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Extreme Nearsightedness--Focusing at infinity without eyeglasses (1 Viewer)

Davidae

New member
United States
I am currently shopping to upgrade my binoculars. My #1 hotbutton is the ability of the binoculars to focus at infinity without eyeglasses. I have a -10.5 correction in both eyes, no astigmatism. I would love the ability to purchase APO eyeglass lenses utilizing UD glass at the same quality as my camera lenses. But since our brains are much better at compensating for optical imperfections than digital sensors or film, our cameras and binoculars receive higher quality lenses than our eyeglasses. As a result, I dislike with a passion looking through binoculars with my eyeglasses. An advantage of nearsightedness is the ability to see extremely minute details at short distances. This provides the added benefit of seeing optical imperfections in binoculars, once properly focused, much more than most people. My #2 hotbutton is chromatic aberrations--I can't stand those colored fringes outlining sharp edges, especially in the center of the FOV.

Binoculars compensating for myopic vision at infinity rests in their ability to focus beyond the infinity point (many camera lenses have this ability to allow for thermal expansion). For some reason (I would love to know why), it seems that Porro Prism designs are easier to accommodate this than Roof Prisms. Unfortunately, this function is never listed in the binocular specs, and rarely mentioned on specific models in user forums. For this reason, I will start reviewing specific models and posting the results on this forum. Since my eyesight correction is stronger than about 95% of the population, you can rest assured that if a binocular focuses for me at infinity without my glasses, then they will do just fine for you as well, other eye disorders not withstanding. I would be happy to take requests on specific models for those nearsighted folks that don't have access to a store that carries the model for which they are interested. Just shoot me an email. I will not compare FOVs, nor degree of image stabilization with lesser magnification models (of course there's an inverse relationship between magnification and effectiveness of image stabilization!!!). If you're aware of a binocular model that will focus at infinity without your eyeglasses, please post that, even if you have a rare eye disorder(s). I will only be testing binoculars currently available, however, old models out of production would be of interest.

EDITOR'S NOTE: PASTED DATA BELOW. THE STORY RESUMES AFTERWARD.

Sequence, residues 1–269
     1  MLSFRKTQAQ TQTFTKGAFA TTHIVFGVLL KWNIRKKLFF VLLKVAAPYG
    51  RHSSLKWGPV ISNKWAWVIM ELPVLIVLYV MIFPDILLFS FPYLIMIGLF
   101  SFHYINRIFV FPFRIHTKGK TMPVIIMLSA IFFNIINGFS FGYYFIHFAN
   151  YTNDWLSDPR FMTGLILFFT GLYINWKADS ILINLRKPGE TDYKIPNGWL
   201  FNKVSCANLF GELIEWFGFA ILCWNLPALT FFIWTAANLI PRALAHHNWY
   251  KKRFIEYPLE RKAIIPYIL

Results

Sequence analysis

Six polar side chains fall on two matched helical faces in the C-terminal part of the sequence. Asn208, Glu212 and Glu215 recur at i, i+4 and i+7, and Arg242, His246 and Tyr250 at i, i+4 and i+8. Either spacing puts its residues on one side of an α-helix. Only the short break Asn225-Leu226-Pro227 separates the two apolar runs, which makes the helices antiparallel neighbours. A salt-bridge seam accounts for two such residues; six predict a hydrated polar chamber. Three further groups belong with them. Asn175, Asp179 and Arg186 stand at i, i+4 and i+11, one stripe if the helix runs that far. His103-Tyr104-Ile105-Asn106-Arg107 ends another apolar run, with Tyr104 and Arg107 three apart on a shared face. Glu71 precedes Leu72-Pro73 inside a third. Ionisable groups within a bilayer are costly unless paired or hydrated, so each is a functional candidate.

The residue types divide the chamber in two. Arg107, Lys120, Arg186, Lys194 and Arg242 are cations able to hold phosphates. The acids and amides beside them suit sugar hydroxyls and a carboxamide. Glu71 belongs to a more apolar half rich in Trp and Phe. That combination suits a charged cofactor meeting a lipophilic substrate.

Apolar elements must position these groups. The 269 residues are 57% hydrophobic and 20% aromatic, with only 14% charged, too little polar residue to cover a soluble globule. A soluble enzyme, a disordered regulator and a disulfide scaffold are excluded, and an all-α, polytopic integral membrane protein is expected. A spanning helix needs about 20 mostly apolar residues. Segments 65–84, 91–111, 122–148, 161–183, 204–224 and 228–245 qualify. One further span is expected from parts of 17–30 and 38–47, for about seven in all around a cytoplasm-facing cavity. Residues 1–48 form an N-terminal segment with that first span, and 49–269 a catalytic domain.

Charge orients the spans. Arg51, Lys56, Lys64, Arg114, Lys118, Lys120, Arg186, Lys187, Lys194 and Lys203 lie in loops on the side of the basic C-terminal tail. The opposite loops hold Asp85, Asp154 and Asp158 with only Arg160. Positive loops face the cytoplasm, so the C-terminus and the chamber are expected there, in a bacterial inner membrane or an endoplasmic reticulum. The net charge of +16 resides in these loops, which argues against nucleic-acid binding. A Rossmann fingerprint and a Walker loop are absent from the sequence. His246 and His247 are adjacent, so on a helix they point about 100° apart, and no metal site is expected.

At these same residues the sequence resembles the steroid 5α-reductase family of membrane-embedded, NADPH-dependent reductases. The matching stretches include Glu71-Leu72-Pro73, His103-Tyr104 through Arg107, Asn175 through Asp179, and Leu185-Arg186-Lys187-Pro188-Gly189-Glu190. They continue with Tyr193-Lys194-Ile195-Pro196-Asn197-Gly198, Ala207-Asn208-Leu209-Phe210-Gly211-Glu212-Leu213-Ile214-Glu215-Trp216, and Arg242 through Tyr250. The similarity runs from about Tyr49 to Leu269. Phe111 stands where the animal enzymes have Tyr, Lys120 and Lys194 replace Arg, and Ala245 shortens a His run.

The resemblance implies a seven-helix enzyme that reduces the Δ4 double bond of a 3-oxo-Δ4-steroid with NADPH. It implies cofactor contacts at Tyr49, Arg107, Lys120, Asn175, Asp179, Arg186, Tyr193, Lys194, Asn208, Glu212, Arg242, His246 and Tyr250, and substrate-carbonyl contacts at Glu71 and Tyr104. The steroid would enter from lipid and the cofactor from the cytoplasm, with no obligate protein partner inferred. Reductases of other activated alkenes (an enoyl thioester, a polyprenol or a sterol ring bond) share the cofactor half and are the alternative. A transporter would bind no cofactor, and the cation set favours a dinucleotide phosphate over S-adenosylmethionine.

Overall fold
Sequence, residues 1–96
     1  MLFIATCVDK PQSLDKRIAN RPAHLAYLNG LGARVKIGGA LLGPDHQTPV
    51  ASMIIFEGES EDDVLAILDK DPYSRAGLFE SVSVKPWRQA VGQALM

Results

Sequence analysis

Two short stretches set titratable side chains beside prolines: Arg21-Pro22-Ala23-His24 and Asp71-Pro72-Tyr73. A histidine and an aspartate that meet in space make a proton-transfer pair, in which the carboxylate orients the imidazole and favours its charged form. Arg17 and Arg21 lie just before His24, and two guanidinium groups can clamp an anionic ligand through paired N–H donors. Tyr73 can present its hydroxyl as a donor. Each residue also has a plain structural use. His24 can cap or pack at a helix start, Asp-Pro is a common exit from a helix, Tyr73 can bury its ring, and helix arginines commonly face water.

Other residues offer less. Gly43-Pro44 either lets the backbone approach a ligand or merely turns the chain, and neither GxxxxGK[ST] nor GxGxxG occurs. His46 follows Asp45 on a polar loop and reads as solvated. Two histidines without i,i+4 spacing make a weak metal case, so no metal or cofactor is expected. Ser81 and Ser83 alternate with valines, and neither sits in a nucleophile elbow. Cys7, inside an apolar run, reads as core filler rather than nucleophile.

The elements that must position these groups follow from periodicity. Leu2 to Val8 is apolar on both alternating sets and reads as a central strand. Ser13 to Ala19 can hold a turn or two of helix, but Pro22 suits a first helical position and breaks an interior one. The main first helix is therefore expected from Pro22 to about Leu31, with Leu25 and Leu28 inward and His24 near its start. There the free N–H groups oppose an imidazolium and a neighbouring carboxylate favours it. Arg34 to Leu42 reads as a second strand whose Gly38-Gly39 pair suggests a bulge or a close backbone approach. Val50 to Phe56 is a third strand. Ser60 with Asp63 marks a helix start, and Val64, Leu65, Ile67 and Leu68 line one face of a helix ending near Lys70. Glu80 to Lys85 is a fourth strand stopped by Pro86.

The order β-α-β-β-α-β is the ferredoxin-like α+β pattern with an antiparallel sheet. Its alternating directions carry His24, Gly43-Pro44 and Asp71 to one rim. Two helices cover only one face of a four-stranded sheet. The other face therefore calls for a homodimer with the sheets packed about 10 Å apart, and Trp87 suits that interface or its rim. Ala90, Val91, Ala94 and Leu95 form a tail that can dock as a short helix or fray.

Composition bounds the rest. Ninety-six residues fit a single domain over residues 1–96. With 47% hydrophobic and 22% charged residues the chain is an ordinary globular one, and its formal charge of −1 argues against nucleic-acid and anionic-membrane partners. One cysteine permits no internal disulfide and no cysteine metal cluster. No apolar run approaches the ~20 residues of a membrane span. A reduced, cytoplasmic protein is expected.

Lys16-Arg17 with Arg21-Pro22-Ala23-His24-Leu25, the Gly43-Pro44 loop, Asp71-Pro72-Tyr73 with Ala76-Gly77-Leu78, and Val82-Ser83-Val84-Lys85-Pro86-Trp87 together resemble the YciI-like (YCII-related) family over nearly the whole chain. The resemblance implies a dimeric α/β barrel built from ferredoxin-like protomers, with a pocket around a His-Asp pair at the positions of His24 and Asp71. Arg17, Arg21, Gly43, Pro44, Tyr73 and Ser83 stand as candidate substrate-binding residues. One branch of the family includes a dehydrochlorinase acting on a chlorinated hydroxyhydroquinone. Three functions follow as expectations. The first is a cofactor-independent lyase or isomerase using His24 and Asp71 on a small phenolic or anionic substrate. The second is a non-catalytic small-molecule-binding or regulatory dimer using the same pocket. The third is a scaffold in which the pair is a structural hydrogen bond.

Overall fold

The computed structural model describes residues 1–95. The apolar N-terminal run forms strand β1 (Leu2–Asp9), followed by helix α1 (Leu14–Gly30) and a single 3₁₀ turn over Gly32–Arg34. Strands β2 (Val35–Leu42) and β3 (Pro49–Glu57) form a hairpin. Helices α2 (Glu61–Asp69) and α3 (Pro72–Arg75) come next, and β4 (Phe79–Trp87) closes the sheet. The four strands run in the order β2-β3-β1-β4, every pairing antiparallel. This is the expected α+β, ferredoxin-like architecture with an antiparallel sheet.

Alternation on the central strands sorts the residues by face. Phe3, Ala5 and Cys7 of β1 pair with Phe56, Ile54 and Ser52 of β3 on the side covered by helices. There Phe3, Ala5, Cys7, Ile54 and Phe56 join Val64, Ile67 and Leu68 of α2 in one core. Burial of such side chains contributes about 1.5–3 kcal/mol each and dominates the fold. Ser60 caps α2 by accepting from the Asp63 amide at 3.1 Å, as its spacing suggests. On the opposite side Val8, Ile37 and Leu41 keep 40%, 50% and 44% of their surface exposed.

I'll start off with the binoculars I currently own, the Nikon Action EX 16x50. They are quite amazing, considering they cost under $200.00. They focus at infinity without my eyeglasses very well, although it is almost at the limit of its focusing ability. They provide a very bright image and excellent contrast even at dusk. Chromatic Aberration is minimal, considering the magnification. Focusing is smooth and precise, although I do have to readjust the focus quite a bit. The fit and finish and build quality is quite good, especially for made in China (yes, I still do have an issue with Chinese-made optical products, but there's not much of a choice at this price range). The outer shell is rubberized and fit well in the hands.

I am not very impressed with the Nikon 8x30 Monarch HG. I was barely able to focus without my glasses at an object of about 500 yards away. More than 5x the price of my Nikon Action EX 16x50, with no appreciable improvement in image quality. Very surprised that they are made in China, considering the price. After testing these, I came away very appreciative of my current Nikons.

I am a big fan of Leica and Zeiss optics, and have many Leica R and M lenses, as well as Zeiss lenses. Unfortunately, I was unable to focus at infinity without eyeglasses the Leica 10x42 Trinovid, or the Zeiss 10x56 Conquest. I haven't tested any other models within these two product lines. I have heard, but not confirmed that Leica will make custom modifications to the focus mechanism. I have not heard either way about Zeiss.